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Paris | Art tour 2013 – Kahlo and Rivera

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I would like to start off my little Paris art series with a moan about London. For all the great events which take place in the city, its exhibitions tend to pale into insignificance when compared with Paris. Take the exhibitions that are on at the moment. At the Royal Academy, the grand galleries of the Burlington Palace are given over to an exhibition surveying the art history of Australia. Well we all know that Australia has no art history, and this exhibition demonstrates as much. Then there’s Tate Modern’s new retrospective on Paul Klee which presents room after room of samey small little Bauhaus explorations – and leaves the visitor as flat as the image so meticulously conceived by Klee on paper. And let us not forget the Royal Academy’s other homage to a nation’s art – its recent Mexico show, whose only inclusion of perhaps the greatest artist ever to come out of Mexico, Frida Kahlo, was a painting so small (and I mean ridiculously small) that you had to squint to see it.

Rivera's cubist period

Rivera’s cubist period

None of this in Paris, whose exhibitions present such a comprehensive survey of the particular artist at hand that you feel not only completely enriched at the end of the show, but also pretty exhausted too. And Paris doesn’t just have one blockbuster exhibition a year – no no, it holds a good three or four massive artistic events each season, hence why I feel the insuperable need to visit the city each year.

Really marking Paris out as the superior of its cross-channel neighbour this year is the Musée de l’Orangerie’s significant survey of the works of one Frida Kahlo, and her equally inspired artist husband, Diego Rivera. Entitled Art in Fusion, it explores what has to be one of the greatest married (and divorced, and then remarried) painterly partnerships of modern art history, with many of the most substantial of each artist’s oeuvres on exhibition, and not a tiny painting in sight.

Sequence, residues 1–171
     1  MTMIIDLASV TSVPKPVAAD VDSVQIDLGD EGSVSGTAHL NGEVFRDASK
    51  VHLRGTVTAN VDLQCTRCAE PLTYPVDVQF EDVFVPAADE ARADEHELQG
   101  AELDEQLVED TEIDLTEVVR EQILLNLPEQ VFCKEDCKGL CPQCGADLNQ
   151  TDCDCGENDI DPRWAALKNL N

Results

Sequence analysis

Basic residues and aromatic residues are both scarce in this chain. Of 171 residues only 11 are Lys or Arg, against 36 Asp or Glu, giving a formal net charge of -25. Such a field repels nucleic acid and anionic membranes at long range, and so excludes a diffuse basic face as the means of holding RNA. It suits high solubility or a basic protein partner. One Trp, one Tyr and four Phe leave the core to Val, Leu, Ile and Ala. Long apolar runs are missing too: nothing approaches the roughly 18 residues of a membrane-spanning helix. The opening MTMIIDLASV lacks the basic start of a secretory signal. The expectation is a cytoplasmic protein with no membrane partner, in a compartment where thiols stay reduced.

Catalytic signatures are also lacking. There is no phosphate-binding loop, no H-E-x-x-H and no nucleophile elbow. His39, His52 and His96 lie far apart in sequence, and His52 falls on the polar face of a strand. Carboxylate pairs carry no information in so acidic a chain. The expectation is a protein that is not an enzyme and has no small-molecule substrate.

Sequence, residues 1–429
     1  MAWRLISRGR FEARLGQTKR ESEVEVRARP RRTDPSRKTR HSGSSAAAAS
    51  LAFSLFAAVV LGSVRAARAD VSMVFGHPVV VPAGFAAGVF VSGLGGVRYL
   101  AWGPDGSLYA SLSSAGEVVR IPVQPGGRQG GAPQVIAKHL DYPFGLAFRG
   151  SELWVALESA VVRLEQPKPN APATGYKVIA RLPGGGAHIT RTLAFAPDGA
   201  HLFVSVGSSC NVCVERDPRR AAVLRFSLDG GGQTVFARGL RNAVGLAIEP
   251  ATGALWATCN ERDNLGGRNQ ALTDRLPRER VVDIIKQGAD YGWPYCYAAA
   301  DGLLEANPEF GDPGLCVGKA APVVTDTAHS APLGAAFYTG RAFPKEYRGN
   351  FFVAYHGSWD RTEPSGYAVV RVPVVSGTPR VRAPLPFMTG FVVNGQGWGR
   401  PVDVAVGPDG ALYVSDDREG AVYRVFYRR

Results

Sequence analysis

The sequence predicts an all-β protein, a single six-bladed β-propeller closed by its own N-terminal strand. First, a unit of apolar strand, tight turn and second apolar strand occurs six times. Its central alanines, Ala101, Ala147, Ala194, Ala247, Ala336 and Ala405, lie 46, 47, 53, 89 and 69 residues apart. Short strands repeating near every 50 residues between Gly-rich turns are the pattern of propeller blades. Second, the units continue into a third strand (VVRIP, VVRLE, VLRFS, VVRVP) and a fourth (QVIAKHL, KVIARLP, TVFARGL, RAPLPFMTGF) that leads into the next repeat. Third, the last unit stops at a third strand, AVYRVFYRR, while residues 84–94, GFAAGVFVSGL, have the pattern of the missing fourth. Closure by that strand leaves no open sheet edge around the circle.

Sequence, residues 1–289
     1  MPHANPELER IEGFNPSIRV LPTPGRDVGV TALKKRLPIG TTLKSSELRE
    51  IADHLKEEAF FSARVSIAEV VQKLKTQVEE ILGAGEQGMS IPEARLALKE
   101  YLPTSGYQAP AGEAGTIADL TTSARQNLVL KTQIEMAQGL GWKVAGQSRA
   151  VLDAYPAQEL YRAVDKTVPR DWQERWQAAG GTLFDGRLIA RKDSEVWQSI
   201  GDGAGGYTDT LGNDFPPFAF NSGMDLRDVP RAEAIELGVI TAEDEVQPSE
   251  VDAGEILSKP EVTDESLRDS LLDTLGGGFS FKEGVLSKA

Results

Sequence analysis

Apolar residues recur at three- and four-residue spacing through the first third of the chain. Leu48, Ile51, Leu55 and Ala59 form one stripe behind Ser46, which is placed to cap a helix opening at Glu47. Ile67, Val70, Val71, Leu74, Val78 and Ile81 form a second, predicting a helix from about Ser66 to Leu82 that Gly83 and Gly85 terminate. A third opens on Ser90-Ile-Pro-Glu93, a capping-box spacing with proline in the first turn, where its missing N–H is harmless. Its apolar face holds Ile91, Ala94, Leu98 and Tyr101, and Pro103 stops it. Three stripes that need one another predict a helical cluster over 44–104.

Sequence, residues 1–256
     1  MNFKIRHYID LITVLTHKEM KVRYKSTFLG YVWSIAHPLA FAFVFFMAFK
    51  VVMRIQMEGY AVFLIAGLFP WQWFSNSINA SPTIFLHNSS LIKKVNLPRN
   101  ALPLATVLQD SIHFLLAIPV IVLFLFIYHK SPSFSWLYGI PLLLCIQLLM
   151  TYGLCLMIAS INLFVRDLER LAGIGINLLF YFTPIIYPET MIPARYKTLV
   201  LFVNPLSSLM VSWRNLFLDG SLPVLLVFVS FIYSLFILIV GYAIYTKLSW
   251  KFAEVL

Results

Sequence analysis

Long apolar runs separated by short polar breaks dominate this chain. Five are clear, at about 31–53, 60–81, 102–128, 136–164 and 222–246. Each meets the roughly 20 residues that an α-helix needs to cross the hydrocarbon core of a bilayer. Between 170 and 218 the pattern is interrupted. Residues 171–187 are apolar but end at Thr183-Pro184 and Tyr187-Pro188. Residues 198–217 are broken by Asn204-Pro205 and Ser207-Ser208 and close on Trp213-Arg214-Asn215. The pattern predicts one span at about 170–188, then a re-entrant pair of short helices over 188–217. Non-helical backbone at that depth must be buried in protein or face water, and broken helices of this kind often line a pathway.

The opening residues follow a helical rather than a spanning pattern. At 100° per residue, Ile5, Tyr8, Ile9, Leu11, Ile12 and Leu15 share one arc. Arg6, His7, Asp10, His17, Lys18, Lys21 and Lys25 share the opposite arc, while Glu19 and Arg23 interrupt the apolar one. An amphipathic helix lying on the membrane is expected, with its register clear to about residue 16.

The couple together

Diego Rivera with Wife Frida Kahlo tumblr_m965goUs9T1rw3fqbo1_1280 frida-kahlo-diego-rivera3

I have always adored the work of Frida Kahlo, resonating so easily with her emotionally raw artistic expression right from the time I first saw her work (ironically in London – those were the good days). For me, Kahlo’s paintings will always trump those of her hubbie’s, which are altogether more political for my taste. Either that or they are too superficial – such as paintings of children tying up lillies or portraits of Mexican natives. His works are altogether too easy to interpret at face value, while faced with a Kahlo masterpiece, you are kept guessing about all of the multi-layered complex meaning with which she imbues her works.

As ever, my favourite of her paintings are those which deal the most viscerally with her experiences of personal trauma – both the bus accident which crippled her for life, and the series of miscarriages which resulted, as well as her painful experience of Rivera’s relentless infidelity. This may make me morose, even morbid in my preferences, but then it was Frida’s works which first inspired me to commit my own life-changing accident to canvas.

Frida’s visceral pain-filled works

Frida-Kahlo-Henry-Ford-Hospital-1932 The-Broken-Column tumblr_lv2v44tlpg1qzse0lo1_1280 Frida-Kahlo_Self-Portrait-with-Dr-Farell kahlo-11

At the risk of being unfair to Rivera, of the canvases on show, a few stand out. I particularly enjoyed his cubist period when, as a young man, he found himself influenced by the early advent of this movement in 1900s Paris. However for the most part, it is Rivera’s murals which are his staggering life’s masterpieces, and sadly, despite some attempt at reproduction in the exhibition, these will require a trip to Mexico to be enjoyed to the full.

Rivera’s murals

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That said, this show, which is a unique opportunity to see both the works of husband and wife displayed alongside each other, is an indisputably unmissable opportunity to see the artistic fusion which these two icons of Mexican art produced during their years together. And, being as it is in the Orangerie, if you find the vitality of colour and the depth of emotional expression a little too much to muster, there’s always Monet’s ultimately calming waterlillies to soothe you upstairs.

Frida Kahlo and Diego Rivera | Art in Fusion is on at the Orangerie until 13 January 2013. If you want to avoid the vast queues which characterise all of the Paris exhibitions, I recommend buying tickets in advance.

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